Editor, I want everyone to know why I will vote “no” for T-SPLOST.
T-SPLOST was created by the Georgia General Assembly due to our politicians’ inability to develop budgets partly because of those who loudly exclaim they will not raise taxes. Therefore, they created a new tax — T-SPLOST — to be approved by referendum. Their assumption is the electorate will vote yes, thus placing the blame on taxpayers rather than on the cowardly backs of politicians.
I agree with the many comments calling T-SPLOST a regressive tax, unfairly paid by the middle- and lower-income earners. Sales tax on essential items is absolutely unfair and regressive.
In a handout provided by Connect Georgia in support of T-SPLOST, it says, “Despite our fast growing population, Georgia spends less per capita on transportation than almost any other state. This is beginning to make our state less attractive to employers. … ” It goes on to say, “The states we compete with for new jobs have taken transportation seriously, investing in it while Georgia has stalled.”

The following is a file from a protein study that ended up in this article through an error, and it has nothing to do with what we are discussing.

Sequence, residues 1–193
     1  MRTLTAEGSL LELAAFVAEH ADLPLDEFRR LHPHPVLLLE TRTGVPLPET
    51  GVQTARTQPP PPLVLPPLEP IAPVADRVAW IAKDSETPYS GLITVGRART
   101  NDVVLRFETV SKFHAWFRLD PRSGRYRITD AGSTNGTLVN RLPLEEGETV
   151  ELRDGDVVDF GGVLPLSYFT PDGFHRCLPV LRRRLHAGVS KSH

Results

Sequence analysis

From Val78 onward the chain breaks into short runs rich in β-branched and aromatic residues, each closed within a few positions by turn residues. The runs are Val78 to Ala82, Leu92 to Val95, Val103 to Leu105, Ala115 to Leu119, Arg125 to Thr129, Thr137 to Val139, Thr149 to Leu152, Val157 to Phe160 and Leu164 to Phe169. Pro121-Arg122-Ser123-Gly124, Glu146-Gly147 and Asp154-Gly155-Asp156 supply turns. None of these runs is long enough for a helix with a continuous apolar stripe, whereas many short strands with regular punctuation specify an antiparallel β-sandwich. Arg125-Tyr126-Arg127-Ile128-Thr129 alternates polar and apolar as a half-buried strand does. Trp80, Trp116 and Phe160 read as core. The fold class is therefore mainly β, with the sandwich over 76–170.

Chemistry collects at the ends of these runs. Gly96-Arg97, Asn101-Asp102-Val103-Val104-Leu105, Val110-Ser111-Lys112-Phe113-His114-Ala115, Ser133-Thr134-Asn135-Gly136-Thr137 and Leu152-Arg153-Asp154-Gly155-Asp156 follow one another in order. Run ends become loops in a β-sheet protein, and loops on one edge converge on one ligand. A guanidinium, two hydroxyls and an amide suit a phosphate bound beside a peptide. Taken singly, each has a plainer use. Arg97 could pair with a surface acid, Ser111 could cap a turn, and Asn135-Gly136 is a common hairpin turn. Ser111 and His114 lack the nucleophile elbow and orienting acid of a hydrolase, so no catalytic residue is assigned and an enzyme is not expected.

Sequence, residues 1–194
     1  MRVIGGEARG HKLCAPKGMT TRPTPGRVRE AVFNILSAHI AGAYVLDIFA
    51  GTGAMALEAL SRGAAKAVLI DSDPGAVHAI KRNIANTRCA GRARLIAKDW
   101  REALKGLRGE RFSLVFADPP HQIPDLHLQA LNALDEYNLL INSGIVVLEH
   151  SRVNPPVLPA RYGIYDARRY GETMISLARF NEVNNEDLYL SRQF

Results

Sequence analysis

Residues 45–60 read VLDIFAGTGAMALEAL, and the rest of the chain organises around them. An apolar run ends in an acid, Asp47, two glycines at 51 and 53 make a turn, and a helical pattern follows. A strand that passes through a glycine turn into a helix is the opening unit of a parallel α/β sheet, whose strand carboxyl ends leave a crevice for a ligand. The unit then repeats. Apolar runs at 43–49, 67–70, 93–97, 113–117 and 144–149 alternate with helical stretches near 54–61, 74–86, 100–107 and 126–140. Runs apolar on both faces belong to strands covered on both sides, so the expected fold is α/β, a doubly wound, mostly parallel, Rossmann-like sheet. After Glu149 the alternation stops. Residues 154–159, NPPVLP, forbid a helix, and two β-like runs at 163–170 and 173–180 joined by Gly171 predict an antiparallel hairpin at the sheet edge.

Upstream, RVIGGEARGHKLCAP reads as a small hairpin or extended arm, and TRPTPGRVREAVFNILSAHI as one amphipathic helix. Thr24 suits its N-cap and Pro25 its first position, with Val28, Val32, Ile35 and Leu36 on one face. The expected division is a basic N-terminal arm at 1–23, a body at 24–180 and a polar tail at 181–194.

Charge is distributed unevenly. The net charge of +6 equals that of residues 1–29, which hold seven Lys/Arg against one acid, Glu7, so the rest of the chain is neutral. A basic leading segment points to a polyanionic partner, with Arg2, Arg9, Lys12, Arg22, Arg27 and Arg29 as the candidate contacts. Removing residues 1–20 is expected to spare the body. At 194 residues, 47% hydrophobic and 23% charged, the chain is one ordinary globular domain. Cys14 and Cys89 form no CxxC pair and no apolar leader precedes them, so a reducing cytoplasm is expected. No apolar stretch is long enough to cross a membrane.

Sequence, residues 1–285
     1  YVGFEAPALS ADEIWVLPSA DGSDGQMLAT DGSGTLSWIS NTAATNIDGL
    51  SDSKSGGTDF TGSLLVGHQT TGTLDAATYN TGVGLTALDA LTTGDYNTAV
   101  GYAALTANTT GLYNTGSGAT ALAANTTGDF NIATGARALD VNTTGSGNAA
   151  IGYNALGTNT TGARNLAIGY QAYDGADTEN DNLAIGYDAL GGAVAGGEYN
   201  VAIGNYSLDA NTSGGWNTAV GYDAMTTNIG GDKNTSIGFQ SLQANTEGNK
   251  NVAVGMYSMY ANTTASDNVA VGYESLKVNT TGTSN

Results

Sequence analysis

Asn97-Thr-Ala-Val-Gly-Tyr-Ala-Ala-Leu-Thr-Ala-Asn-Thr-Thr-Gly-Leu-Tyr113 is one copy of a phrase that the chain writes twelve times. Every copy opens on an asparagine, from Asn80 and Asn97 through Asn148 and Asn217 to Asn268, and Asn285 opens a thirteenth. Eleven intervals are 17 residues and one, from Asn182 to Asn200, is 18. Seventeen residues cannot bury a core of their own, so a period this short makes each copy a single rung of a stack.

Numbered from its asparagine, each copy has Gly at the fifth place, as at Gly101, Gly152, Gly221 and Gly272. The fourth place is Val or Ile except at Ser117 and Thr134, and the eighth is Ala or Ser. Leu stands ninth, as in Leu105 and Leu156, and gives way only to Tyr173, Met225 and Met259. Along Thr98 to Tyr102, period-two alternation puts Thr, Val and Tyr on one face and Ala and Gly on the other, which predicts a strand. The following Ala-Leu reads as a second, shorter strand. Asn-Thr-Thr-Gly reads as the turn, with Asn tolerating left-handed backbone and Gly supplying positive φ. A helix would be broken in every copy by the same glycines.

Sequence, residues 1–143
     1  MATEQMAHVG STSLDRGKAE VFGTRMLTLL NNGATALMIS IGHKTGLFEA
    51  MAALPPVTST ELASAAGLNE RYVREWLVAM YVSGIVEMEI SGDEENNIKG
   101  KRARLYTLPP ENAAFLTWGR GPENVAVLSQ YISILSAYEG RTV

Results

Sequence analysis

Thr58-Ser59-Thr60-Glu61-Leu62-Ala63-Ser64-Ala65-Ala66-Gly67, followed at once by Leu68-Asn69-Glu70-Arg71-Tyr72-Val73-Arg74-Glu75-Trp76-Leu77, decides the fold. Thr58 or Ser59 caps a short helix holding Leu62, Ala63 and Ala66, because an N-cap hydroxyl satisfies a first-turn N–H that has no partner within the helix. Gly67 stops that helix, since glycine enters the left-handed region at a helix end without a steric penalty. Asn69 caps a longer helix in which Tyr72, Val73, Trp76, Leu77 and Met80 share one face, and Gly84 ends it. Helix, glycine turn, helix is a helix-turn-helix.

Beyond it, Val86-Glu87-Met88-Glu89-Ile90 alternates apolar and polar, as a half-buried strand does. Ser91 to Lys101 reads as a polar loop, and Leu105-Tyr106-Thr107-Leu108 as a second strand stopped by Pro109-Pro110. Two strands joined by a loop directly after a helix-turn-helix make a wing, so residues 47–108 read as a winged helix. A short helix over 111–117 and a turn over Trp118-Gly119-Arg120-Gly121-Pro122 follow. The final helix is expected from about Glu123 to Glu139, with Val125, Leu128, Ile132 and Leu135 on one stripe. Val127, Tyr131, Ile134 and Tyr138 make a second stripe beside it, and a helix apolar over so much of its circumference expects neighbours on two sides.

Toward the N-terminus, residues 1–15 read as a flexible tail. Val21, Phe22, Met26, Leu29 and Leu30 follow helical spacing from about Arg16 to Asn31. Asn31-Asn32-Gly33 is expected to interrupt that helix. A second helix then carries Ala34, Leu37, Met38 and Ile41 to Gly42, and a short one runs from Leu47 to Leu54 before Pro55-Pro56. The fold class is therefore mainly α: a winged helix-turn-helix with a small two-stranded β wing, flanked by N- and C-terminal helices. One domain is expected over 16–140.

Additionally, according to the Georgia Chamber of Commerce, “Georgia ranks 49th in per capita transportation funding.”
I believe these statements clearly describe the failure of our politicians. They want us to solve their past inadequacies by our approving T-SPLOST. Not me.
According to another statement by Connect Georgia, “If the sales tax is passed, it will free up funds previously allocated to transportation and those will now be eligible for additional regional priorities.”
Do our politicians really mean this? We will lose previously allocated funds by voting no? What an irresponsible position.
The $19 billion they project to earn in 10 years forced the local governments to get creative in how they propose to spend their share. Many projects proposed are things we have never heard of before and, in my opinion, are very questionable.
And let’s not forget that almost all SPLOST funds generated in the past were never used as proposed to the taxpayers.
I will vote no. Everyone, please vote. Let’s have a large turnout.
— Edgar Alexander